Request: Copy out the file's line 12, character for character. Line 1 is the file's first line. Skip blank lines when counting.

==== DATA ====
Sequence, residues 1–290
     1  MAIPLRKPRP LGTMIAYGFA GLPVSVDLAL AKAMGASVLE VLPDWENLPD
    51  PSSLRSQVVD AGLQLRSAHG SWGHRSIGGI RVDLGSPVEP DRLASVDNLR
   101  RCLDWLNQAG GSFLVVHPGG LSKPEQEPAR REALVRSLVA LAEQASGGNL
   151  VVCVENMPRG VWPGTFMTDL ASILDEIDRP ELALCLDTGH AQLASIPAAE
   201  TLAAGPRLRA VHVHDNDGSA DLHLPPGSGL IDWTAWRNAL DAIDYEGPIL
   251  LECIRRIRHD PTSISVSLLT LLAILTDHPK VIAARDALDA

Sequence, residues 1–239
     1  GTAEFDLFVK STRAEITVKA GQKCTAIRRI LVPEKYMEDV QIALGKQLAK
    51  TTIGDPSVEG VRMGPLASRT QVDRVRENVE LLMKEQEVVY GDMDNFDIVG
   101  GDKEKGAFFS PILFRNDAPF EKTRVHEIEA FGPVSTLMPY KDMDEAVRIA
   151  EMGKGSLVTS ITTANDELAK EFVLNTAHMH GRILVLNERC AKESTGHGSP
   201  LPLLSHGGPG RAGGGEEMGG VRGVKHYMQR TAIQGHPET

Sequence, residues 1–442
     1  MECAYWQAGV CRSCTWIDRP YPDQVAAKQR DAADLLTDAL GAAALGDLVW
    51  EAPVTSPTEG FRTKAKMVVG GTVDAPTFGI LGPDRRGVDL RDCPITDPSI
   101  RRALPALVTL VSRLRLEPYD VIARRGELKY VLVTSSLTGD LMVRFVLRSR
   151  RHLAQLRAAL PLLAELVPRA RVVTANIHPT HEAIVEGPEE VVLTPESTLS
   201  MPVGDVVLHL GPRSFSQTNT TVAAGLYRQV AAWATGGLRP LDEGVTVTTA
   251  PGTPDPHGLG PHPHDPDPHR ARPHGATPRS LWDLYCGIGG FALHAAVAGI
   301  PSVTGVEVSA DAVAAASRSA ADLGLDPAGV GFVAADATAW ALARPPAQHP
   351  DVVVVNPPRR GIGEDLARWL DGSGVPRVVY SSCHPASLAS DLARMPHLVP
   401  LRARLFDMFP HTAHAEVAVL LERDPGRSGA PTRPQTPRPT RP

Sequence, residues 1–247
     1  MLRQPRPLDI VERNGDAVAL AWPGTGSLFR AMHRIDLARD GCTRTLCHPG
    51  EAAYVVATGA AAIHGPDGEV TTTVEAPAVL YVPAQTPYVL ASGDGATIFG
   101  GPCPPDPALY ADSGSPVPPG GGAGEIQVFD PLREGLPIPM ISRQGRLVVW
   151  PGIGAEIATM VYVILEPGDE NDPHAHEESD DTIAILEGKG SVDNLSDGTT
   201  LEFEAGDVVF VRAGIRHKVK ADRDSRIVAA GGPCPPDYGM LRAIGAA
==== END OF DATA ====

   151  EMGKGSLVTS ITTANDELAK EFVLNTAHMH GRILVLNERC AKESTGHGSP